But though he was a natural, he recalls: “I’d been away for a long time from home. I still had this hankering for becoming a jockey. What I really needed was some sort of chat with my dad and my friends back home I felt they’d be able to advise me just what to do. But even so, I said ‘yes’ and so it was on—I was gonna be a Monkee. I still got back home, though, and spent a few weeks with the folks. Mind you, I had to keep pretty quiet about the Monkee plans, because the whole series was on the secret list—we didn’t want anybody else coming in to steal the idea of a rock group getting into all sorts of zany situations.”
During that month or so back home, Davy got back into the horsey atmosphere and often found himself wondering whether the tinselly life of show business was really for him. “I’d have loved for the Monkees to be made in Britain”, he said. “That would have clinched it in every way.
“But I thought back to those early days in America—how amazed I’d been at the size of the U.S. department stores and how the lights on Broadway had been so impressive. And those steaks. Did you know that I never ever had steak while I was in England? That’s true, you know! I remember that for the first month or so in America, I ordered it for every meal, even breakfast. But as time went by, I got used to the pace and the style of America—as I say I felt I was really part of the scene. I kinda belonged. Know what I mean?”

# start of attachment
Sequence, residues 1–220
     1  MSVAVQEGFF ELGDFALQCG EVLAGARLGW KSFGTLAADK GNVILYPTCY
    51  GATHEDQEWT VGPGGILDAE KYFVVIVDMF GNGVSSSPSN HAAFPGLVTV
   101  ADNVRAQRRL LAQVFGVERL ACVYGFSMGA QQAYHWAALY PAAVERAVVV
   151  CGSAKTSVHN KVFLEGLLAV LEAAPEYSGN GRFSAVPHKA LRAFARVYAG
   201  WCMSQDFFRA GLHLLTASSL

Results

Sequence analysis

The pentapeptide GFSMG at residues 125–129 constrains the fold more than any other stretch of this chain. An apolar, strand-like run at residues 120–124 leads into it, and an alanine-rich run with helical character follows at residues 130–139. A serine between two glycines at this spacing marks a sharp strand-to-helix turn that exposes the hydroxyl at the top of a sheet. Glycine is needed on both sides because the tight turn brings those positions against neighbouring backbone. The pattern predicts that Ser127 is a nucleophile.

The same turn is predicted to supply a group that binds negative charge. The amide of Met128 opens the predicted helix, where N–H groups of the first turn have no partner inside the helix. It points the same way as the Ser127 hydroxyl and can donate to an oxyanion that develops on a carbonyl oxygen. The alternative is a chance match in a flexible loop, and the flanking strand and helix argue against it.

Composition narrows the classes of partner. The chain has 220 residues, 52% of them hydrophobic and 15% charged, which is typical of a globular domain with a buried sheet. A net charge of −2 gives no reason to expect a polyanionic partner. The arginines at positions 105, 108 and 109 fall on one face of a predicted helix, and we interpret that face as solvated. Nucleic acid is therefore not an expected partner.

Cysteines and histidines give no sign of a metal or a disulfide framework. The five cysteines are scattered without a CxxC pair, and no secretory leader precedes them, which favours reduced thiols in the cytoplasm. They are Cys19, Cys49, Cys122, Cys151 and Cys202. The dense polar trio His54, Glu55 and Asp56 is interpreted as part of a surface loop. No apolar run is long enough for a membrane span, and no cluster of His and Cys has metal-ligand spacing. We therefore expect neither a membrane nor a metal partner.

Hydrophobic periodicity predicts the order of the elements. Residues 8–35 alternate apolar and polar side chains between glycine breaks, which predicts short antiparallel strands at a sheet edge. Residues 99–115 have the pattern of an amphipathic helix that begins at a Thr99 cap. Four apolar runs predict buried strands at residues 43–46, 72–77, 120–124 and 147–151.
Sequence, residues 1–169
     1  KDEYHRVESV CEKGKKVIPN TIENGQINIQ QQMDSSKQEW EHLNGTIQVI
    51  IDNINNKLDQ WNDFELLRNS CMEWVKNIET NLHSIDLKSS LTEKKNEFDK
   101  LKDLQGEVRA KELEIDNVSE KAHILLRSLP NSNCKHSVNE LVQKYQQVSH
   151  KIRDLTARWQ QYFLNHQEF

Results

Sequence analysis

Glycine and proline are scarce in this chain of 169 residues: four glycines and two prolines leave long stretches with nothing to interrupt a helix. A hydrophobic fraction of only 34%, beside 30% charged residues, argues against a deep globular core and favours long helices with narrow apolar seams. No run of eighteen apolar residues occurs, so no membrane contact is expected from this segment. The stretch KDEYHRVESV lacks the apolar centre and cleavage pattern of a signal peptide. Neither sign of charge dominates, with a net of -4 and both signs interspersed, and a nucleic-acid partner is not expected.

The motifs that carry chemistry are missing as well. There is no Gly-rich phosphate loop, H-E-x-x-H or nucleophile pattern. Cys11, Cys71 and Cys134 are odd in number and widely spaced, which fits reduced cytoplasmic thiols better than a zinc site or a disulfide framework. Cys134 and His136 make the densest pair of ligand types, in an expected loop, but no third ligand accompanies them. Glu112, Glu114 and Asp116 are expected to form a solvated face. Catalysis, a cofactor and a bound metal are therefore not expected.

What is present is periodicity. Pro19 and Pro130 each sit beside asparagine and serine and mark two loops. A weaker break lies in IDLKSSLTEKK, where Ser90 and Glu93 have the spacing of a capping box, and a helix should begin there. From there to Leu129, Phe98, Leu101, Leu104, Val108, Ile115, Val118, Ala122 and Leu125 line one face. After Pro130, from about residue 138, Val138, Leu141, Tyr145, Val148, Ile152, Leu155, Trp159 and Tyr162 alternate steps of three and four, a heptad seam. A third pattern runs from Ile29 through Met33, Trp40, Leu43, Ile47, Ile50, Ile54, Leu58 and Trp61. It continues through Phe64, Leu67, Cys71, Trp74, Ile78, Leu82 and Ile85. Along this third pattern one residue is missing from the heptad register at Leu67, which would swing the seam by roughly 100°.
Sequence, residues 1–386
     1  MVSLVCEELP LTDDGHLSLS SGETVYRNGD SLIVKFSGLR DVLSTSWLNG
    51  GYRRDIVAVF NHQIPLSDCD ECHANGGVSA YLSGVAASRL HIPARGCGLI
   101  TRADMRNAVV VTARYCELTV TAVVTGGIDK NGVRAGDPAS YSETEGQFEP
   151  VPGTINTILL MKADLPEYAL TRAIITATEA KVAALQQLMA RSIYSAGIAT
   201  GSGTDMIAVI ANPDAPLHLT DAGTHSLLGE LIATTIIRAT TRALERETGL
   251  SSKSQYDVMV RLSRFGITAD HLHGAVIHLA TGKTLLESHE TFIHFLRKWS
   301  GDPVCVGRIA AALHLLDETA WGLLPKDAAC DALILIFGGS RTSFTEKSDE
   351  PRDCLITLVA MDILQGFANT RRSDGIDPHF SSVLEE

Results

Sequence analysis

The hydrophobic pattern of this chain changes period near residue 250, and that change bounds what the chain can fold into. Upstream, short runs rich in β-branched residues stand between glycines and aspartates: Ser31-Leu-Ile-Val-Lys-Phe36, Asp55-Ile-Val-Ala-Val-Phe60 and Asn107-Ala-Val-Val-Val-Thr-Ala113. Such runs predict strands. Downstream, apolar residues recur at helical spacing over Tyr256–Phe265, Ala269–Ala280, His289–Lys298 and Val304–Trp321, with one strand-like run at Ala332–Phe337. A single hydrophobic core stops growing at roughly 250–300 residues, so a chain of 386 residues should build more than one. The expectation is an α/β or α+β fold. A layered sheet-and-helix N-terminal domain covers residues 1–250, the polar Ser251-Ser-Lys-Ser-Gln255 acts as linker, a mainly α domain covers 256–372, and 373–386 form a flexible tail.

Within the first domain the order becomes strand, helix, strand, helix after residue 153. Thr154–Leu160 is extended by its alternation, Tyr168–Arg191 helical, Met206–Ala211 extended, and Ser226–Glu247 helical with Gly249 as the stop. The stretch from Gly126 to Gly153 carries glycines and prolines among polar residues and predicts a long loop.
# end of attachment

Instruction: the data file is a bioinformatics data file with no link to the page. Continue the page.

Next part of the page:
Sure, we know what Davy means. And in passing it’s worth noting that it must have taken a lot of courage for a young lad to have made a whole new life for himself in America. We’re glad he had that sheer nerve—otherwise he’d have been lost to the whole Monkee scene.
Now, so far in our story we’ve got Micky up to the audition point… and Davy has now followed. With apologies once again for having to switch round our themes, we return to Mike Nesmith, who you’ll remember had to do his stint in the U.S. Air Force: wasn’t particularly keen on it but did it with a smile and also kept his hand in at entertaining his fellow servicemen.